Connecting to Country while Walking Learning
September 20, 2021
September 20, 2021
Whether it’s fishing on the banks of the MacArthur River, exploring the creek at Karlu Karlu, or turtle hunting in the bush, Indi Kindi classrooms have no walls.
Indi Kindi’s traditional Aboriginal teaching methodology is informed by 65,000 years of culture – we are emulating how Dreaming has always been taught. As Borroloola’s Law women say, you can’t talk Dreaming, you have to walk it, and this is at the heart of what we do.
The curriculum is specifically designed for young Aboriginal learners in that it is taught outside and on Country using Indi Kindi’s innovative and multi-sensory ‘Walking Learning’ model.
The Walking Learning model builds on the measurable link between movement and cognitive function to boost positive behaviour, engagement and performance. It encourages creativity, resourcefulness, and curiosity—all skills learned through the dynamic interaction of children with each other and connection to the world around them.
Outdoor learning is particularly important for Aboriginal children, many of whom experience difficulties with auditory processing through hearing loss. In a traditional classroom where sound bounces off the wall it can be disorientating, and affect the cooperation and attention spans of very young Aboriginal children.
Walking Learning examples:
Benefits of Walking Learning:
Walking Learning addresses all developmental areas:
National and international research shows interacting with the environment provides optimum conditions for visual, auditory and kinaesthetic learning for the very young. The research strongly endorses walking learning delivered outdoors improves behaviour and engagement for learning rather than within a classroom environment in purpose built rooms.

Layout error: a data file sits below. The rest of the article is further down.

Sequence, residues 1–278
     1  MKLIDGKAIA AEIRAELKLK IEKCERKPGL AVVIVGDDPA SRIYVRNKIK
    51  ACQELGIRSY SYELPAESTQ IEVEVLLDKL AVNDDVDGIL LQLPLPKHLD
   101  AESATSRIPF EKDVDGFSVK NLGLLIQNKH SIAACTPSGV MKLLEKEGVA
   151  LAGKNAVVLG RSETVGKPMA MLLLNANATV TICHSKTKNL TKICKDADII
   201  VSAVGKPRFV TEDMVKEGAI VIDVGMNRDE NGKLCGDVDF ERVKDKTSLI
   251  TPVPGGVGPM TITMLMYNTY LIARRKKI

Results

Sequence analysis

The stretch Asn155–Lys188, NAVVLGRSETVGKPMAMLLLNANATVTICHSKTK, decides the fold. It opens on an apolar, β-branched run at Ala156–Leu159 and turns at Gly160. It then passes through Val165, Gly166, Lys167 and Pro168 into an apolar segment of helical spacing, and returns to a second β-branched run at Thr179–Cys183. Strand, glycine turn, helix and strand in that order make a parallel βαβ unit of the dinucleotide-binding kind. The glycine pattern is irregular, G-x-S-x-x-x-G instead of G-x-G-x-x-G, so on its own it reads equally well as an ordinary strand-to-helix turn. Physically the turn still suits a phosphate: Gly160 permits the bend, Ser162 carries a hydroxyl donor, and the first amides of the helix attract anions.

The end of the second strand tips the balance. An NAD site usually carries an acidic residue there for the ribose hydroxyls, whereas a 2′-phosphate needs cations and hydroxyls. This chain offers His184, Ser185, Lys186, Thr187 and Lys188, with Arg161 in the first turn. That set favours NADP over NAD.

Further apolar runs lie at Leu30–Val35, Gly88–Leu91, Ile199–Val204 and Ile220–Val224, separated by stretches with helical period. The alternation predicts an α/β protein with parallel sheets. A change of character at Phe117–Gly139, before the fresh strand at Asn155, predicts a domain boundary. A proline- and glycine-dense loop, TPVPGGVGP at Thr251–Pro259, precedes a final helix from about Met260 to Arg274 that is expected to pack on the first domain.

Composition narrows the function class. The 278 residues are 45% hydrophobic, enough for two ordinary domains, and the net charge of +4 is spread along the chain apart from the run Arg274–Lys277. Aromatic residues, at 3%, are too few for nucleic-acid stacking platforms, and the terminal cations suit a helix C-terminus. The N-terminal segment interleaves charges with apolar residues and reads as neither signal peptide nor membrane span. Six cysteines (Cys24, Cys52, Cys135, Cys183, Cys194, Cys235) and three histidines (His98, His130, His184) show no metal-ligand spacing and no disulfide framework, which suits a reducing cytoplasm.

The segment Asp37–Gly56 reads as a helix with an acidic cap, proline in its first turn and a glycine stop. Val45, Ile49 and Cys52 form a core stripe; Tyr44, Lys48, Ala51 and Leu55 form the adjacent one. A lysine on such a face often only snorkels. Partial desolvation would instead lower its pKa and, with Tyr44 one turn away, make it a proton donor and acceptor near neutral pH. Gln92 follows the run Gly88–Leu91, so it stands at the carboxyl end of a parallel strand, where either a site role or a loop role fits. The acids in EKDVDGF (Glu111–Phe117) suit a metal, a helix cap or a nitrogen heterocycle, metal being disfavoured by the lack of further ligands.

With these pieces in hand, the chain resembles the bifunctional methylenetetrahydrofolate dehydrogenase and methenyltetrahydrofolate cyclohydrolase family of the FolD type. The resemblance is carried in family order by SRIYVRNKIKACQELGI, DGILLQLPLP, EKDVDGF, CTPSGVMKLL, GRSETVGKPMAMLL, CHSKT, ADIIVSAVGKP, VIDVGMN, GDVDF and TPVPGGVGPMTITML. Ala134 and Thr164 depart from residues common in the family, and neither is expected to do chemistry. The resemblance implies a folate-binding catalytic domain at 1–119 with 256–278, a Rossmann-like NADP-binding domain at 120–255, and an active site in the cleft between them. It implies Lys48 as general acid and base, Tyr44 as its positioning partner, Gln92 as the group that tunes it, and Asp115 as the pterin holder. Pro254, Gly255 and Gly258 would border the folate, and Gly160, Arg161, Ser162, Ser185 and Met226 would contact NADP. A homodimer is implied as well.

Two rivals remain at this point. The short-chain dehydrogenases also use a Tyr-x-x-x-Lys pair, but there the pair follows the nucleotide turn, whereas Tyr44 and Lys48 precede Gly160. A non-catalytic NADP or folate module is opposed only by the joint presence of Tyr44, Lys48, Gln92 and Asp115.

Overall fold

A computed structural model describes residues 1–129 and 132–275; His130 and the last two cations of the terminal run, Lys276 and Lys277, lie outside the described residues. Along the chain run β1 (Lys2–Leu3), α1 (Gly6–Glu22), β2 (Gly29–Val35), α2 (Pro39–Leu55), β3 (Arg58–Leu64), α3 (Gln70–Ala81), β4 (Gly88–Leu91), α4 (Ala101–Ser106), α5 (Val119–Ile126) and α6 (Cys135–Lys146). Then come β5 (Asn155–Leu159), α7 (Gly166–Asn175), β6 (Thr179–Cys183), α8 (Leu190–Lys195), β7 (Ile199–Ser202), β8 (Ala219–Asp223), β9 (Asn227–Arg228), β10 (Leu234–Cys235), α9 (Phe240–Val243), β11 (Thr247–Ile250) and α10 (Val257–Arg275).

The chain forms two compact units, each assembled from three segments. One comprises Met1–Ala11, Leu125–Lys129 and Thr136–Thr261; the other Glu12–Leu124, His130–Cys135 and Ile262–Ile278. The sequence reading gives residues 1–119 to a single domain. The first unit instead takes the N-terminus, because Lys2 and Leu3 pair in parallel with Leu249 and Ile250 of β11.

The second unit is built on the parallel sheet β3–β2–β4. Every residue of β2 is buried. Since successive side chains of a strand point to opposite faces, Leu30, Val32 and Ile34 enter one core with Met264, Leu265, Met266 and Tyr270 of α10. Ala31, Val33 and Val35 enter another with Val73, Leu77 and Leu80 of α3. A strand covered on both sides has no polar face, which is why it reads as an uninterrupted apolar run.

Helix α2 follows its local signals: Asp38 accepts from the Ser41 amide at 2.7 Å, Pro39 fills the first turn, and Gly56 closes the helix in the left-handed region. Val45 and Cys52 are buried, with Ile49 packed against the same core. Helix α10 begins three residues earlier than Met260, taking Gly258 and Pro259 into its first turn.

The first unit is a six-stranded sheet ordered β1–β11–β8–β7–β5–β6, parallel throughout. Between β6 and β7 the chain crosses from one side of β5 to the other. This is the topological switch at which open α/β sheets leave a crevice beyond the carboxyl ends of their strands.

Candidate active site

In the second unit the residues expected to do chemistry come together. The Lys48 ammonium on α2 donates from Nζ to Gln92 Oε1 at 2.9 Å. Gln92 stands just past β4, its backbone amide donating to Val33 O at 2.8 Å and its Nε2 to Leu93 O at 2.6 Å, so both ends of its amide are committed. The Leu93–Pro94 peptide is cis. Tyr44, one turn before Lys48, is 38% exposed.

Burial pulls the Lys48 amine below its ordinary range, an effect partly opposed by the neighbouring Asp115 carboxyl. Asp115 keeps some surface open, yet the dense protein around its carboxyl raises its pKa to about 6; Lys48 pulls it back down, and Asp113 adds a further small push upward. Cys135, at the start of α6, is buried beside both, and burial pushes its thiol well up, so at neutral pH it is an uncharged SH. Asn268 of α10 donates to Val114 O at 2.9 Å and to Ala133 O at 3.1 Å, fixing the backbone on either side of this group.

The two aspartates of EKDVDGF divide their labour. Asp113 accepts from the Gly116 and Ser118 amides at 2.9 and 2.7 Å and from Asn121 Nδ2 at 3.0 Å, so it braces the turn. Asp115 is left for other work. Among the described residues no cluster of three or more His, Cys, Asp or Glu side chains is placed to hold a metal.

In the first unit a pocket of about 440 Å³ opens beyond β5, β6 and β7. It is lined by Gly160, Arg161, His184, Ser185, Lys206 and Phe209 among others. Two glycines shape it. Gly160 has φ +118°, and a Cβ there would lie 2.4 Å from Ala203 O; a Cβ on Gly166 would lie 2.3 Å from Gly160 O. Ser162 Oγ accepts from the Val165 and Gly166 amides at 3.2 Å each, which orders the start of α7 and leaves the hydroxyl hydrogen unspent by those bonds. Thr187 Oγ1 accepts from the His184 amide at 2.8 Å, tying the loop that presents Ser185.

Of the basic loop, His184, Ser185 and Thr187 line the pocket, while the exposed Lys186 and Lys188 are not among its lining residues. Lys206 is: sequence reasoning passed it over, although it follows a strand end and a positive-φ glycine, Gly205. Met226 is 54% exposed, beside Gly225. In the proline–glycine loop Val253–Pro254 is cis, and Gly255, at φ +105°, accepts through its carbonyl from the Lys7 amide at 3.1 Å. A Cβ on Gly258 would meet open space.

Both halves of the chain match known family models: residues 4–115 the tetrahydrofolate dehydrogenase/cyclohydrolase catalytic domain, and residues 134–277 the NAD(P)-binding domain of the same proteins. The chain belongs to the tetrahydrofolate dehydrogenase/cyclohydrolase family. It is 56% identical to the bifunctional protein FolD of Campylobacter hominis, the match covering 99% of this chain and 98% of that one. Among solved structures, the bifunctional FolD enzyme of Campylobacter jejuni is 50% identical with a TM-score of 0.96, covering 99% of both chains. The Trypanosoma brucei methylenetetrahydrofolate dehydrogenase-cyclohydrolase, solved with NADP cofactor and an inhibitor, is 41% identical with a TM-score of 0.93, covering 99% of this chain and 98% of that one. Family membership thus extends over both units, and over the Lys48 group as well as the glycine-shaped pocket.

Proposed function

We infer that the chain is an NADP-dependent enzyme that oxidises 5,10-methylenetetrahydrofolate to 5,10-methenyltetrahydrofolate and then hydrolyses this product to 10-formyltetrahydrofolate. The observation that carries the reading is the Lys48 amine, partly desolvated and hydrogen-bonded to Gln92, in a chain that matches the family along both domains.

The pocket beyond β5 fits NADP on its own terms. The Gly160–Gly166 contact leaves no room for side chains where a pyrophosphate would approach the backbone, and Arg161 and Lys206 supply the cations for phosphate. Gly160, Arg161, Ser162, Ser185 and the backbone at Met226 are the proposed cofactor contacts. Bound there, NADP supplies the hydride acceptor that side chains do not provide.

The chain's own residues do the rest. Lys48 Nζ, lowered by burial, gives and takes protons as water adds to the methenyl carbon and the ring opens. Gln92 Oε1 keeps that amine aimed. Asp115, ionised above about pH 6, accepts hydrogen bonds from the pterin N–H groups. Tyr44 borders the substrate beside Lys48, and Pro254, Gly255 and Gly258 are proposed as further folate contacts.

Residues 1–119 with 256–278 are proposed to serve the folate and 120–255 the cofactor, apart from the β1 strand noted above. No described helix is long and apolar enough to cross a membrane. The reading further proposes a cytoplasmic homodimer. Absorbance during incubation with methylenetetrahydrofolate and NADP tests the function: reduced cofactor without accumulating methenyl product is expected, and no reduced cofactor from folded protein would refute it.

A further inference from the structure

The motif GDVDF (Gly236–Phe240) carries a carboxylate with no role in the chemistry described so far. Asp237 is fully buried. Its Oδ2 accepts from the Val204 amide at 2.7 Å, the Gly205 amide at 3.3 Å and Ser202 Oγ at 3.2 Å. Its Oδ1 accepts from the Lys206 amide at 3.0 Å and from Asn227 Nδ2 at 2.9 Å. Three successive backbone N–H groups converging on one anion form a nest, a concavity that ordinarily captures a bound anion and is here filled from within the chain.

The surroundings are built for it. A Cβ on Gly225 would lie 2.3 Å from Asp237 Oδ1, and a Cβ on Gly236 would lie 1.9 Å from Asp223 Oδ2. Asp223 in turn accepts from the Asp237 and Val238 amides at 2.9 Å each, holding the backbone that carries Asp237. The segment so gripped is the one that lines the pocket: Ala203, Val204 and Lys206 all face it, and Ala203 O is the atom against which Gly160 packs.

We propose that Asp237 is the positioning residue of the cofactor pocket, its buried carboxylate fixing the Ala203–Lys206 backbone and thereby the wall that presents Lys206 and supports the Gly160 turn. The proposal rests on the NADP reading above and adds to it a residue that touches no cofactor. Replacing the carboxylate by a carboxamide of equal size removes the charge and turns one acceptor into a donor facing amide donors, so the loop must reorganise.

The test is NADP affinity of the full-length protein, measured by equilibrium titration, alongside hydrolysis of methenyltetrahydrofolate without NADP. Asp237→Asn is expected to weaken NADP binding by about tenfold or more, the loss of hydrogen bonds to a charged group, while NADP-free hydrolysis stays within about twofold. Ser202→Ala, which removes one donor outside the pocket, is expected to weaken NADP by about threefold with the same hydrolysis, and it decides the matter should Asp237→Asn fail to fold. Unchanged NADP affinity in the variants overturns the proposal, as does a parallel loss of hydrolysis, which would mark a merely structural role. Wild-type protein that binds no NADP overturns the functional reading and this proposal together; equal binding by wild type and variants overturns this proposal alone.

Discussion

For instance, findings from the “Outdoor learning and play at schools around the world” report, (Cath Prisk and Dr Harry Cusworth, Nov 2018, p11) explain “the benefits of outdoor learning and play last beyond early education. Preschool children who enjoy large amounts of outdoor time have been shown to consistently score better on standardised tests for executive function, attention and short-term memory than children attending preschools that have fewer outdoor hours in the school day. Those children who enjoy more outdoor time during preschool continue to score better on standardised testing once they have moved into primary education“.
Further, “Time spent outdoors boosts mental health. Research from around the world points to the ability of nature to restore our sense of wellbeing. Children feel better and perform better after they have been outdoors. Getting outdoors helps children feel calmer, helps process their day and builds the holy grail of capabilities: resilience. Above all else, being outdoors simply makes us feel alive, feel joy; and feeling joy on a regular basis is an essential foundation for a good childhood and healthy later life.”
Indi Kindi’s Walking Learning methodology aims to: